Netrikann review: Taut thriller

Netrikann review: Taut thriller

This taut and thrilling edge of the seat remake of the 2011 Korean film Blind, Netrikan is a tense thriller that keeps us on the edge of our seats for the most part.


Producer: Vignesh Shivan

Director: A. Milind Rau

Cast: Nayanthara, Ajmal Ameer,Sachin Nachiyappan, Manikandan and Sharan Shakti

Streaming on: Disney Plus Hotstar

Rating: ***1/2

This taut and thrilling edge of the seat remake of the 2011 Korean film Blind, Netrikan is a tense thriller that keeps us on the edge of our seats for the most part. The film begins with Durga (Nayanthara), a CID officer from the Crime Branch who nails the physicality of the character) to the T, who loses her younger brother (Sacchin Nachiappan) due to a freak accident, which also leaves her vision-less. However, post-accident, Durga adapts herself to the lifestyle of a visually challenged by learning Braille and self-developed survival skills.

However, without wallowing in self-pity, Durga learns to survive on her own despite her disability. The biggest test comes when she has to track down a psychopath doctor (Ajmal Ameer), who kidnaps and tortures women for kinks, and has started fancying her as a potential victim of his too.

What I liked the best about this engaging film which has been deftly directed by Milind Rao is that there is absolutely no spoon feeding at all. Contrary to your expectations, there is no flashback, showing Durga preparing for her training, as a sharpshooter, or romping home with the coveted President medal, saluting the flag etc. You are also spared a romantic duet by Naanthara because she is shown as someone without any baggage.

You get intrigued by the proceedings so much so that you even forget that you are watching a film with a running time of over two and a half hours. I started watching this film at midnight and it was almost 2.30 am when I went to sleep. And believe me or not, I did not get bored at all.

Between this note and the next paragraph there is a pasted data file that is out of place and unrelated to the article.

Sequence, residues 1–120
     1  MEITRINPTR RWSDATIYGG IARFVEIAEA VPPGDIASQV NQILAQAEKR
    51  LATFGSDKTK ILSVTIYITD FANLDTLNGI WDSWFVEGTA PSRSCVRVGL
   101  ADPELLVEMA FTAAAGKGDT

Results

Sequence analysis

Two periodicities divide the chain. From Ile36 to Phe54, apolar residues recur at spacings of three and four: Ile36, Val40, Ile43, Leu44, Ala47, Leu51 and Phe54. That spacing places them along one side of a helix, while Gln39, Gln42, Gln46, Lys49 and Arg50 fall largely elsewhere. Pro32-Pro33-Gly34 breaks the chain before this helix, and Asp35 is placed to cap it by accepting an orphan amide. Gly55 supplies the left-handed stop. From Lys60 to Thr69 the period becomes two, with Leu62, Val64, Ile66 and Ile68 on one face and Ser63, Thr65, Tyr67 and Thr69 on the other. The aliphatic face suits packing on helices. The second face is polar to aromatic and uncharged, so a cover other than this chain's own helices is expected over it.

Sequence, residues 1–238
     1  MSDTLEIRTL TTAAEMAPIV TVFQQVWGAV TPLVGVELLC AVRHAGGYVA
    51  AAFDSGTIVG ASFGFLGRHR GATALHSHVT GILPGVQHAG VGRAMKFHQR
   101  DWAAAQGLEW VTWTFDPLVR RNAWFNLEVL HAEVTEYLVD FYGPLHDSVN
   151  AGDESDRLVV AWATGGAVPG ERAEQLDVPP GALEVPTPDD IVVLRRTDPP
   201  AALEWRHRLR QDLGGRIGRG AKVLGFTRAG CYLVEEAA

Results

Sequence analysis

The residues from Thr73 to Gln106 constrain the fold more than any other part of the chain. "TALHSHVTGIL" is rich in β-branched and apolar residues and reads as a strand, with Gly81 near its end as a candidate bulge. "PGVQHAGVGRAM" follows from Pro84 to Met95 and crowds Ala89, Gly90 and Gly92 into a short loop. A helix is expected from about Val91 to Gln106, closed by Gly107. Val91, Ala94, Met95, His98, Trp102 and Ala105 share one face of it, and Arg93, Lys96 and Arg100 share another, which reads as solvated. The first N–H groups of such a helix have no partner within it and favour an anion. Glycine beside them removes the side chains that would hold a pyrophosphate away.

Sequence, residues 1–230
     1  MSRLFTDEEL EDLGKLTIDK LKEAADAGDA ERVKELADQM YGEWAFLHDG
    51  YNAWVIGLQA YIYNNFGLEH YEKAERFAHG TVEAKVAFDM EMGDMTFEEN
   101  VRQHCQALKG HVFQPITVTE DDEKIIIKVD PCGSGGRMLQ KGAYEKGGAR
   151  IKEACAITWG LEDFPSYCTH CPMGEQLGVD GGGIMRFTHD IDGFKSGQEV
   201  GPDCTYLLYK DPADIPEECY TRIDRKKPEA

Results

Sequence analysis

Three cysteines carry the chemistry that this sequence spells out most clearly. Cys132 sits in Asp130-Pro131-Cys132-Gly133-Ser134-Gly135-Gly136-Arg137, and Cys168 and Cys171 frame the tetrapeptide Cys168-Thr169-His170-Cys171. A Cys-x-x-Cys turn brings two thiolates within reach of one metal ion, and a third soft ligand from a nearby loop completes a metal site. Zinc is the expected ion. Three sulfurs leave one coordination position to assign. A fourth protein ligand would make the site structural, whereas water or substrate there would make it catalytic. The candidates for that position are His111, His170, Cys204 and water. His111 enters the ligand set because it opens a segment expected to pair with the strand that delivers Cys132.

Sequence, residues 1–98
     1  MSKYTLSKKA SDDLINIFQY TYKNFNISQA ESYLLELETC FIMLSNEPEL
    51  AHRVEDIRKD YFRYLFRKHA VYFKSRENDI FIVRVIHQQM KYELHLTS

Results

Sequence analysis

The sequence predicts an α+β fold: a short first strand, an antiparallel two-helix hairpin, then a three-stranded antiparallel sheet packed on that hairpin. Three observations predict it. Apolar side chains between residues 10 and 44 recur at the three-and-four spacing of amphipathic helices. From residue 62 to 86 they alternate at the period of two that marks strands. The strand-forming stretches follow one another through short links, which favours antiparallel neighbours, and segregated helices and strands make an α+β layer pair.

The film is largely engaging mainly due to the brilliant characterization of Nayanthara, who literally lives though her blind role with adeptness and powerful performance. Be it subtle humor, emotionally demanding scenes, action, and mass sequences, Nayanthara does not go overboard for even a minute with her elegant and arresting screen presence.

Though Ajmal Ameer as Dr James Dinan tries his best to inject life into the character of a sadist doctor who is obsessed with women of all ages and appears villainous, the less said about the flashback scenes involving his past, the better.  Manikandan as cop Manikandan who is desperate to make an impression on his seniors, adds color to the dimension of the role by etching his character with his own inevitable and extraordinary spirit. Sharan Shakti is just about passable

As far as the credits for the technical side is concerned, RD Rajasekar’s cinematography suits to the T the crime thriller genre, especially during the night shots and rainy scenes. Editor Lawrence Kishore has tried his best to package the film within an engaging format, while mention must be certainly made of the music composer Girrishh Gopalakrishnan who shines both in background score as well as the compositions.

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